- Include your mission statement on all written correspondence with board: at top of meeting minutes, on organization letterhead, and as the cover to the board binder/manual. Prominently display the mission at each board meeting (try printing it on the back of business cards and name placards or making laminated cards that you can lay at each place on the table during board and committee meetings).
- Consider relation to mission before deciding to implement any new project or program. Discuss the cost-benefit ratio in relation to likelihood of advancing toward mission achievement. Prioritize the programs with a higher likelihood of mission impact and reduce or eliminate low-priority programs.
- Establish an organizational culture where it’s OK to say “no” to an opportunity that does not impact your mission.
- Consider the capacity of staff before implementing a new project/program. Ensure that sustainable funding is available to adequately staff and support the activity: if new staff cannot be added, what projects or programs can be downsized or eliminated to free-up staff time? Will any earned income be available?
- Ensure that facilities, equipment, and technology needs are considered in developing new programs and services. Consider conducting a technology audit. Plan appropriately for staff expansion (e.g., space, furniture).
Risk Management Plan
- Establish a plan to respond to a possible decrease in funding. As part of this plan, you might prioritize positions and functions, prioritize services, programs and projects and identify a list of potential new funding sources that may be pursued. Consider questions such as:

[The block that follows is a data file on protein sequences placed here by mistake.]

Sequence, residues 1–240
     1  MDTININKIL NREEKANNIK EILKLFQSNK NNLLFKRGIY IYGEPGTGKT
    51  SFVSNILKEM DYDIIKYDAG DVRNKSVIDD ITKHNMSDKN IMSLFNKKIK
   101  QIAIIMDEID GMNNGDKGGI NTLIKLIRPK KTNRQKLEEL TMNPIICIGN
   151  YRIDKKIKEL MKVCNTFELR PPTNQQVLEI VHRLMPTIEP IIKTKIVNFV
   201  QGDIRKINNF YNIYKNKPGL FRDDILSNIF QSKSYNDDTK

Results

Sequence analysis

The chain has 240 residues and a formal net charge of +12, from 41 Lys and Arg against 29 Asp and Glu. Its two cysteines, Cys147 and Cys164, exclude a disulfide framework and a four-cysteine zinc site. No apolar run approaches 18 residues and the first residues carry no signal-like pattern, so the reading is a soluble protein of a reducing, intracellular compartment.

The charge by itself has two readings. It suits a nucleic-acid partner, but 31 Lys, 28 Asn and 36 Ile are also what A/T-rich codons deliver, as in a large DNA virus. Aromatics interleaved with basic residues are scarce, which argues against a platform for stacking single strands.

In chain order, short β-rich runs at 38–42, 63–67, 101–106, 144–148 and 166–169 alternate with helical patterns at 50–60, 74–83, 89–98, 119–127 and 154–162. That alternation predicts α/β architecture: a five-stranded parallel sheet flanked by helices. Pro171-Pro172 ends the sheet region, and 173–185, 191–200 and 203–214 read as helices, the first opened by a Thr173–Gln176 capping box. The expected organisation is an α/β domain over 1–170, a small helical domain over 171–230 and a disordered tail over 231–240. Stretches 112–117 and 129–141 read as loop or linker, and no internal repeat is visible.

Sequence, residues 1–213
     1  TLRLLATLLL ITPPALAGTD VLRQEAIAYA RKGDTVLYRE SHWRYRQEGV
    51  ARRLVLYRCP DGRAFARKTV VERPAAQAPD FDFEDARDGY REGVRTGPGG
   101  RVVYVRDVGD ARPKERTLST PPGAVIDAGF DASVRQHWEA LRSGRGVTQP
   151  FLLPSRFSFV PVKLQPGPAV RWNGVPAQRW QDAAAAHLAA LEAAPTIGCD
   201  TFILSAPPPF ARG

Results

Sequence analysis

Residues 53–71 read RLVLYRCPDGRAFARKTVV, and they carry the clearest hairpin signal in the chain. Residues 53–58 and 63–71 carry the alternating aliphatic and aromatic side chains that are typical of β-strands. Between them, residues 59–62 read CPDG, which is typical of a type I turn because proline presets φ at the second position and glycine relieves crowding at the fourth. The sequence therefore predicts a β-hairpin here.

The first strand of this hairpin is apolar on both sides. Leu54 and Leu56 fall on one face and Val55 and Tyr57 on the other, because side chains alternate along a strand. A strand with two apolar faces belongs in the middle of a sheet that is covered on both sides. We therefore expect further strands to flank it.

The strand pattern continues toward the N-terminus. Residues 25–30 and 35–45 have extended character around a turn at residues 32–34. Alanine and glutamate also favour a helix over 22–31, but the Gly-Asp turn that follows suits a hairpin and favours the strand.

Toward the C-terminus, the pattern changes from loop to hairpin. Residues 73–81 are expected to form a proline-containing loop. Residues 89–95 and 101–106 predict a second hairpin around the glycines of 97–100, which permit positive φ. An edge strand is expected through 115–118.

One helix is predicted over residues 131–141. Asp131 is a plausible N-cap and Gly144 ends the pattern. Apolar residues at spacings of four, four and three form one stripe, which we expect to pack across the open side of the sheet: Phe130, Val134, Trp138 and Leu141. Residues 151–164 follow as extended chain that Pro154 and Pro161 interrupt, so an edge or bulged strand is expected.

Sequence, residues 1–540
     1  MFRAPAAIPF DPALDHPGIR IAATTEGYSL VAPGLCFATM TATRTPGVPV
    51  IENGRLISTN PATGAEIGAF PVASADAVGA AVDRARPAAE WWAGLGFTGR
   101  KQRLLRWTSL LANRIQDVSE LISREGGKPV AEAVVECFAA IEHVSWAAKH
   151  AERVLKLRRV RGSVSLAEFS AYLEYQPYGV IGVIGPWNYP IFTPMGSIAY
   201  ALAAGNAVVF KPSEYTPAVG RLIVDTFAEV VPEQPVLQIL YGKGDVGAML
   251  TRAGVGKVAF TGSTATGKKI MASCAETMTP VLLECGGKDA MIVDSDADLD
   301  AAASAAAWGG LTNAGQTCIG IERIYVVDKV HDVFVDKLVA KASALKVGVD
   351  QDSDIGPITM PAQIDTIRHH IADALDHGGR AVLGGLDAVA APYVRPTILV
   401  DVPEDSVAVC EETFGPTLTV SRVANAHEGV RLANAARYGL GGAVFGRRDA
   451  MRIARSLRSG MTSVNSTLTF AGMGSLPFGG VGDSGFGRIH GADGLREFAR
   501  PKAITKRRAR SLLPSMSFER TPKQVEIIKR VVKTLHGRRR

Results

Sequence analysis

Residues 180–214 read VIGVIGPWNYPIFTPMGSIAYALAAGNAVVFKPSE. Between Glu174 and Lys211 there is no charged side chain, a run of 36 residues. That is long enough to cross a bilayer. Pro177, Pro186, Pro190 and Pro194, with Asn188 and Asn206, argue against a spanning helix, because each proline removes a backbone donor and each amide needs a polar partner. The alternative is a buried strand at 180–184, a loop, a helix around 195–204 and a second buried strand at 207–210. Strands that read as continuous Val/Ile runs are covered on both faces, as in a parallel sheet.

- In the event of layoffs, which positions will be targeted?
- Can any projects be put on hold?
- Can any services be provided by another organization?
- Are there individuals, civic groups, foundations or corporations that may support us?
- Can we adapt any programs to a fee-for-service model?
Stakeholder Input & Responsiveness
- Regularly monitor census data and other statistics related to community needs to identify trends and provide documentation for funders.
- Allocate a portion of at least one meeting per year to discuss the needs and demographics of target population, and how the organization can continue to meet those needs within the context of its mission. This conversation should also be a part of all new board member orientations.
- Develop a plan for engaging target constituencies through involvement on the board, participation in programs, and formal evaluation and feedback processes. Avoid token representation and ensure meaningful participation. Discuss relationship development at regular board meetings.
- Board members should be cognizant of the impact of cultural differences and perspectives in defining community need and delivering programs. A variety of perspectives should be considered before a decision is made that will impact programming and customer service. Employees and volunteers should be able to effectively relate to and work effectively within the target population. Cultural values and norms must be considered to ensure acceptance and utilization of services by constituents.
- Engage a staff member/consultant to research related programs, studies, and common practices. If research is not available, consider applying for a grant that will support a research project, or partner with a local college/university to initiate relevant research.
- Assign staff (or engage a consultant or volunteer) to conduct an environmental scan by researching programs that focus on similar mission or focus areas. Identify possible competition, collaboration, and innovation that may strengthen your program. This is recommended as an annual, ongoing activity (and should be considered before implementing a major new program or strategy), but should be conducted every three years at a minimum.